“What do we want? Tuition freeze! When do we want it? Now!”

Despite having to skip class and brave the wind and rain, thousands of Concordia students turned out to march in solidarity with Montreal CÉGEP and university students on Thursday’s day of action in protest against tuition fee hikes.
At several institutions, like Dawson College, students blockaded the entrances to keep others from attending classes. The Dawson Student Union managed to arrange an 11th hour agreement with the CÉGEP administration to cancel classes.
At Concordia, students who chose not to protest were not barred from classes. Those who did want to protest gathered outside at Reggie’s on Mackay Street throughout the morning, and at Loyola, in activities planned by the Concordia Student Union.
After leaving the Reggie’s terrace shortly after 1 p.m., the body of students, armed with placards, banners, and a palpable level of excitement, inched its way along Ste-Catherine Street towards Place Émilie-Gamelin to join forces with tens of thousands of students frustrated with their government’s decision to raise tuition by $325 a year for the next five years.
While CSU president Lex Gill said they didn’t have a crowd estimate for Concordia, the Fédération étudiante universitaire du Québec estimated the entire protest drew around 30,000 people.” Gill said they had far surpassed the 920-people capacity of the Reggie’s terrace.
“I think what really blew me away was being at Ste-Catherine Street and de la Montaigne Street and getting a phone call saying the last bit of people were just leaving Concordia,” Gill said, explaining that students had spilled into the parking lot and onto both Mackay and Bishop Streets, and that the entire second floor of the Hall building had emptied. “It was thousands of people,” she said.
As the students marched along the thoroughfare, they were greeted by a host of McGill University students expectantly waiting at the intersection of Ste-Catherine Street and McGill College Avenue, hoisting their own banners and adding their voices to the cries of “We’ll stand! We’ll fight! Education is a right!” proclaimed by the marching crowd.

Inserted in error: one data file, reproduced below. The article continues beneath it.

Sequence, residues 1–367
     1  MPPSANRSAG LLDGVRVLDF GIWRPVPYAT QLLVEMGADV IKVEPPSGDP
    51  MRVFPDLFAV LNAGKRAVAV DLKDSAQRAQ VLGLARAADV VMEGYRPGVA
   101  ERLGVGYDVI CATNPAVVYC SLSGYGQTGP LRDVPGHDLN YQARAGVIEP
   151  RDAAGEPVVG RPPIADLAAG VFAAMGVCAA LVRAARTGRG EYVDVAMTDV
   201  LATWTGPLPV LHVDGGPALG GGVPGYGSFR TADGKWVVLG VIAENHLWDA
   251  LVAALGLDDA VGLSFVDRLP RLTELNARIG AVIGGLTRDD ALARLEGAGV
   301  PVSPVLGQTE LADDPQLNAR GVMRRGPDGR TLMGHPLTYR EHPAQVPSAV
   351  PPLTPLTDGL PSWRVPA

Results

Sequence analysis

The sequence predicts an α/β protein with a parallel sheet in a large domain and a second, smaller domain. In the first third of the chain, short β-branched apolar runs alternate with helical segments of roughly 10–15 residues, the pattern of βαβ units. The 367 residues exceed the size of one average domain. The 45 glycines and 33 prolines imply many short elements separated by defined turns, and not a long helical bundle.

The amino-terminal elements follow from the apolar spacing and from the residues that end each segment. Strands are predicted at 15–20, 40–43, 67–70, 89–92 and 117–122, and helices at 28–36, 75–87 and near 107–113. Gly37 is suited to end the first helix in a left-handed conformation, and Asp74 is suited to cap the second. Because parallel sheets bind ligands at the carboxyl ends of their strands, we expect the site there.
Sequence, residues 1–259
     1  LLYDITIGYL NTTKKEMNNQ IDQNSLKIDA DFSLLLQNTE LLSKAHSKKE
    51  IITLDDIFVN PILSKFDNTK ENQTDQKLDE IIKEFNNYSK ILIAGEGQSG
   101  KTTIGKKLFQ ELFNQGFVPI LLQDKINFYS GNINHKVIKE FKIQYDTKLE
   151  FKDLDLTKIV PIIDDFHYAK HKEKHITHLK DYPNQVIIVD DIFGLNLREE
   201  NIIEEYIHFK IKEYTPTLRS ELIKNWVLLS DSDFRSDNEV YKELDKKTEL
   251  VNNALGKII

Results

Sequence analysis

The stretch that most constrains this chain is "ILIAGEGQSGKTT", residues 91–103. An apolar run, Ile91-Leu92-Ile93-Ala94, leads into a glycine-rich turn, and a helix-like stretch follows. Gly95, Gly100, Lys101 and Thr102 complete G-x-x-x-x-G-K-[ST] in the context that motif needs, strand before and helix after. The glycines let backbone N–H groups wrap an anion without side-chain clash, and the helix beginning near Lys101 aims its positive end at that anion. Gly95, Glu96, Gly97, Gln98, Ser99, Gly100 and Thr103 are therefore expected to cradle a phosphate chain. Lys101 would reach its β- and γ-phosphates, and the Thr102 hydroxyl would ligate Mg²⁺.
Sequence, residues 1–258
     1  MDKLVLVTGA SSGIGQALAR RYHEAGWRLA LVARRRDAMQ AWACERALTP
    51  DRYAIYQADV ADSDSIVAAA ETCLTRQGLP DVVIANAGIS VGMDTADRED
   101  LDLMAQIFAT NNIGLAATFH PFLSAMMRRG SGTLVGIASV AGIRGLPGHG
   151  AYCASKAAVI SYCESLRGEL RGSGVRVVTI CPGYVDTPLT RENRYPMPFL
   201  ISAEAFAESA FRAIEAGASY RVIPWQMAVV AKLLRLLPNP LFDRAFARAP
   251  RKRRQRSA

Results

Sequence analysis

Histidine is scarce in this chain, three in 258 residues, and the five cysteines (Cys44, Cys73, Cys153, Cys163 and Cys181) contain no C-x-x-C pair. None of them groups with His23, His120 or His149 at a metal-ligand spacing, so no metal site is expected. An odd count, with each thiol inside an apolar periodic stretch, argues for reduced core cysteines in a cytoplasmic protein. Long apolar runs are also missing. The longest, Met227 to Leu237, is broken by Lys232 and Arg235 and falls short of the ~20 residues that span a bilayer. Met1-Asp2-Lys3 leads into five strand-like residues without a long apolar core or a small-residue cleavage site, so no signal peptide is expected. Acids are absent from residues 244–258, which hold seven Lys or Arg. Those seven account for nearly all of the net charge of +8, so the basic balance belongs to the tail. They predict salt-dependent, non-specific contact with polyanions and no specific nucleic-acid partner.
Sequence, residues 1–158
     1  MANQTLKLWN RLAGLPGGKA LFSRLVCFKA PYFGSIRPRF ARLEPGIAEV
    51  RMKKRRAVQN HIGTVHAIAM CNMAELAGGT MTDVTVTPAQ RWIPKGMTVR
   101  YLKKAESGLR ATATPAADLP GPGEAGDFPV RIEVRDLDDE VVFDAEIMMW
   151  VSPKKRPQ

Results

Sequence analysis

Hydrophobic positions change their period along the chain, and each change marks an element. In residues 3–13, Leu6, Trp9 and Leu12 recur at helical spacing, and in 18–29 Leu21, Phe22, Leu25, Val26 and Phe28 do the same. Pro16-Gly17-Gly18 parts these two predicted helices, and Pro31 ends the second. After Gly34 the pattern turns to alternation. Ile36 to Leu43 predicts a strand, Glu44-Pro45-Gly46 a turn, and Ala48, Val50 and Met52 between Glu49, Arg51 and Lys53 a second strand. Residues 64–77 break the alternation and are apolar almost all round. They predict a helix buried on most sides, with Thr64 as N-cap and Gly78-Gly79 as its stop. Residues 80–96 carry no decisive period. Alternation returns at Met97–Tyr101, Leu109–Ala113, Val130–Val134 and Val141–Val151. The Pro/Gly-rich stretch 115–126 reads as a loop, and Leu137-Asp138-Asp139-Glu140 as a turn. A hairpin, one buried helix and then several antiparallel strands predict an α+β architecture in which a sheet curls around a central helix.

Members of the Occupy Montreal movement also swelled their ranks as they marched onwards to Berri-UQAM metro station.
A mass of students had already amassed at Place Émilie-Gamelin by the time the host of students arrived around an hour later.
‘I’m here because I’ve actually been to a lot of these [protests] previously ever since I was in CÉGEP and I had been hoping that those would have been enough to stop [tuition fee hikes] but it doesn’t seem like that’s the case. We’re hoping that this will show the government that there are enough people that are against it and hopefully it will change its mind,” said Alejandro Gomora, a fourth-year psychology student at Concordia.
“I want to be a teacher, and I really don’t like the idea that eventually I am going to have to tell my students that as long as you have money you can be whatever you want to be, but if you don’t, well just give up,” first-year child studies student Alexandra Peters added.
The provincial government, however, shows no signs of stepping down from the proposed $1,625 hike over the next five years. At question period on Thursday, Education Minister Line Beauchamp remained firm on her stance that university students should contribute more.
“A majority of Quebec taxpayers don’t have a university degree and will never earn the salary of a university-educated person – but they finance the majority of the system,” said Beauchamp. “So shouldn’t university students do their part?”
PQ education critic Marie Malavoy has said that the hikes are coming too soon for students, while criticizing the government for the lack of accessibility of loans and bursaries to students.
The 30,000-strong crowd left the park later that afternoon to protest in front of Premier Jean Charest’s office on McGill College Avenue.
The crowd filled the streets, with many students demonstrating peacefully and playing music. But a tense knot of students formed directly outside of the office building, with riot police forming a line blocking the entrance. One student let off a fire extinguisher, while others launched firecrackers at the police and threw paint at the building.